Denial of Service Archive

Enterprises need to exercise vigilance in protecting their networks from botnets.

Beware the botnet. A botnet is a collection of Internet-connected devices, including PCs, servers, mobile devices, and Internet of Things devices, like sensors and home appliances, that are infected and controlled by malware. Owners and users of the Internet-connected devices are usually unaware of a botnet infecting their devices.

The botnet can be used for a distributed denial-of-service (DDoS) attack. The collection of devices, as part of the botnet, consume the bandwidth or resources of a targeted system such as Web servers.

Protection against botnets has become an international issue. Vendors create the products that are susceptible to botnets, and enterprises don’t do enough to combat the problems.

Report to the President
I read the draft, “A Report to the President on Enhancing the Resilience of the Internet and Communications Ecosystem Against Botnets and Other Automated, Distributed Threats,” by The Secretary of Commerce and The Secretary of Homeland Security. The draft report, posted on January 5, 2018, included some thoughts that are worth reviewing for the enterprise.

The Departments of Commerce and Homeland Security pursued three Approaches: hosting a workshop, publishing a request for comment (the report mentioned above), and initiating an inquiry through the President’s National Security Telecommunications Advisory Committee (NSTAC). This is aimed at collecting input from experts and stakeholders, private industry, academia, and civil society. The final draft will be based on the received comments before submission, due to the President on May 11, 2018.

Opportunities and Challenges
The draft report highlights the efforts needed to reduce the threats from automated distributed attacks. One of my conclusions is that the time-to-market vendor mentality produces the opportunities for botnet creation. The efforts are divided into six areas:

  • Automated, distributed attacks are a global problem. Most infected devices in recent botnets have been located outside the United States.
  • Effective tools exist, but are not widely used. The tools are available, but they are not part of common practices in product development and deployment. Both product developers and enterprises need to invest more and increase their awareness of the problems.
  • Products should be secured during all stages of the lifecycle, not as an afterthought. Devices are vulnerable at time of deployment. The lack of methods and procedures to patch vulnerabilities after discovery are the fault of the device vendors as well as the enterprises that own the devices.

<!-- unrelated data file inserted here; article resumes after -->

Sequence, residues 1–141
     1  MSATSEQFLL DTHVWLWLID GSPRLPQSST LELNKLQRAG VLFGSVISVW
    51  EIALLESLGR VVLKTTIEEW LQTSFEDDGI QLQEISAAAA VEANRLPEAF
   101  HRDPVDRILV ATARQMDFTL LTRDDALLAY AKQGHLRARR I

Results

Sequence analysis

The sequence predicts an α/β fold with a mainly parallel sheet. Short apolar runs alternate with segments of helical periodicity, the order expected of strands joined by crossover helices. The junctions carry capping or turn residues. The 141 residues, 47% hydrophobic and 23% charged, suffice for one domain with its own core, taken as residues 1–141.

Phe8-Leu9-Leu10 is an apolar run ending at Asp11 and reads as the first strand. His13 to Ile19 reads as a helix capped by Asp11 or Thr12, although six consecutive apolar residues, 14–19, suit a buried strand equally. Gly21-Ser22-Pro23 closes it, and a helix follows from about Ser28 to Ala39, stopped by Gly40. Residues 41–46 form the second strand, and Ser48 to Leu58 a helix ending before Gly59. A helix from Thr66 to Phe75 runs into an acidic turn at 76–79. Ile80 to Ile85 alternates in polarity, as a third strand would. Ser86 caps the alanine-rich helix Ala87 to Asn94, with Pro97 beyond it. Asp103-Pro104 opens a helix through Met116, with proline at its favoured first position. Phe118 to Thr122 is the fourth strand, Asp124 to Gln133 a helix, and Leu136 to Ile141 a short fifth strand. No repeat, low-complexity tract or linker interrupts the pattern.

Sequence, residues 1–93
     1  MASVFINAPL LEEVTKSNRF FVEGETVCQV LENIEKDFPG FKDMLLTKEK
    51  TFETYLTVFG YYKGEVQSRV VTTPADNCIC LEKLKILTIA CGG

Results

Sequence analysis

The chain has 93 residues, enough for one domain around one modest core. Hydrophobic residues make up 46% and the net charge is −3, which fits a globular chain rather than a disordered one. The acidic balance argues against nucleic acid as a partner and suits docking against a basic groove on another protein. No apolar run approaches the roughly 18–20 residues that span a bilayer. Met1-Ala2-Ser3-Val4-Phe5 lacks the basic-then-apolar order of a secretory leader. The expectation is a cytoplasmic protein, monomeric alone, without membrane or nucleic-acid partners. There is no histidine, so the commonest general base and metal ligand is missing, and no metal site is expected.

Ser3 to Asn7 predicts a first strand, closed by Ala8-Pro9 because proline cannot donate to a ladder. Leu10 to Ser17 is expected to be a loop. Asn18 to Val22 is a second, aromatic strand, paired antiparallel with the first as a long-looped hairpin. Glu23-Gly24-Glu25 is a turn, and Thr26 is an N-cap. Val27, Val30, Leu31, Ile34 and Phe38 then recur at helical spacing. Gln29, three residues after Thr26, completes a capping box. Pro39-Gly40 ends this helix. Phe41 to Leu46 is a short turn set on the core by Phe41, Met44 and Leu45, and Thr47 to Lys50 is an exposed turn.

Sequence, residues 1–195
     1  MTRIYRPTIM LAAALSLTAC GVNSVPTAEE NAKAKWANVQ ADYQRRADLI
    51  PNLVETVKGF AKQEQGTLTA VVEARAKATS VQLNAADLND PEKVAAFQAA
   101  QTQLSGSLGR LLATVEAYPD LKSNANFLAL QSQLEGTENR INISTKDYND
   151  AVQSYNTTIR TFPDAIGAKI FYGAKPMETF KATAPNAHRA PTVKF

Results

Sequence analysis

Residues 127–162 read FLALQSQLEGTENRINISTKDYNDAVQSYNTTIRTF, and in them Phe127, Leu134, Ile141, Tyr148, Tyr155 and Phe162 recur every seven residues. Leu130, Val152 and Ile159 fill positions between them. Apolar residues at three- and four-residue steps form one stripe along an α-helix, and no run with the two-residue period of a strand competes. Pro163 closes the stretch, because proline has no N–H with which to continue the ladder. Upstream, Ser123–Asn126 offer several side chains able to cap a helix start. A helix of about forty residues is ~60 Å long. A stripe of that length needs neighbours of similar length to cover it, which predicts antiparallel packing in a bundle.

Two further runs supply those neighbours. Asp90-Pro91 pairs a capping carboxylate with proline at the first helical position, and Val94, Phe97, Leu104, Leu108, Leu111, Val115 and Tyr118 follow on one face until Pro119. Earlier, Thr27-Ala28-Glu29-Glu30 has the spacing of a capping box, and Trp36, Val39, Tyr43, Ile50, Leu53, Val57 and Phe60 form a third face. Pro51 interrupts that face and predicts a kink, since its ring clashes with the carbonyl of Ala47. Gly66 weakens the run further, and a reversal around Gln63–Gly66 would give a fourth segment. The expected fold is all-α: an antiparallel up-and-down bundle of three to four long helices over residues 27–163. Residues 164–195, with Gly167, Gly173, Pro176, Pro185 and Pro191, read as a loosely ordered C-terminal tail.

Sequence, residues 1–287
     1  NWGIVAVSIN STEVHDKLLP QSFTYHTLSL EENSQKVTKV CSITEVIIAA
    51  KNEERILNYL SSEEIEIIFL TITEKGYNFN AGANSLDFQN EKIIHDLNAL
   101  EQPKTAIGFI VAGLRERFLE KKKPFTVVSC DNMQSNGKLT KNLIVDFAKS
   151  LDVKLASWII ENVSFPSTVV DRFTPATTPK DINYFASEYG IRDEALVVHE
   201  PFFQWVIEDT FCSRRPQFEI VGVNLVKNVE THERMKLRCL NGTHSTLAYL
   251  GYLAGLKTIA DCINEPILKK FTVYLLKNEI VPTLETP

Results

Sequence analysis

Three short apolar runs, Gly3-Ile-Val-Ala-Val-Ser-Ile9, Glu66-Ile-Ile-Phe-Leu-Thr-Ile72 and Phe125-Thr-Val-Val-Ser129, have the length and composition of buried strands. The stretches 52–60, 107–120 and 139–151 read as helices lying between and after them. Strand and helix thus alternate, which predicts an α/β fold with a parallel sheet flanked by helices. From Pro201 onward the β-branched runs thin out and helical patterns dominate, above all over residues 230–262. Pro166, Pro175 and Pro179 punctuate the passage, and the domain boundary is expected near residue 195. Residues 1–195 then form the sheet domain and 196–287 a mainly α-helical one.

• Education and awareness are needed. Knowledge gaps in home and enterprise customers, product developers, manufacturers, and infrastructure operators impede the deployment of the tools, processes, and practices that would create more resiliency.
  • Market incentives are misaligned and are not driven to fully address the botnet threats.
  • Automated, distributed attacks are an ecosystem-wide challenge. There is no single party, vendor, government, academia, or enterprise that can alone mitigate the botnet problems.

The Enterprise Perspective

Enterprise networks, whether they are business, government, or academic institutions, are routinely connected to the Internet. These networks are complex, enterprise owned, and include a number of devices that can be used in the support of botnets. This also includes cloud-based services. These devices can be anything from simple PCs, servers, and mobile, to IoT devices. These enterprise networks can simultaneously be a victim of a botnet or be part of a botnet. Besides the DDoS attacks, botnets can be part of ransomware attacks.

The report envisions the enterprise application of the NIST Cybersecurity Framework. The report postulates that there are five concurrent and continuous functions that need to be applied:

  1. Identify and locate devices that cannot be secured. Enterprises should remove and retire these high-risk devices and replace them with inherently secure devices or those that can be secured.
  2. Protect the system and network architectures to provide additional layers of protection for any remaining high-risk devices and deploy DDoS mitigation services.
  3. Detect using a combination of ISP-based detection services and enterprise-operated network monitoring for both inbound and outbound malicious traffic, and identify infected devices in near real-time.
  4. Respond to attacks by creating policies and procedures to address detected infected devices. Enterprises should have processes and procedures to contact their ISPs and anti-DDoS service providers when attacks are detected.
  5. Recover the enterprises ability to reestablish infected systems instead paying ransomware to resume operations.

A Possible Remedy
My last blog, “Compliance: A Cost or Savings?,” dealt with existing IT and data compliance requirements. No one likes compliance, as compliance regulations demand a number of security functions and implementations. However, compliance regulations can create positive incentives.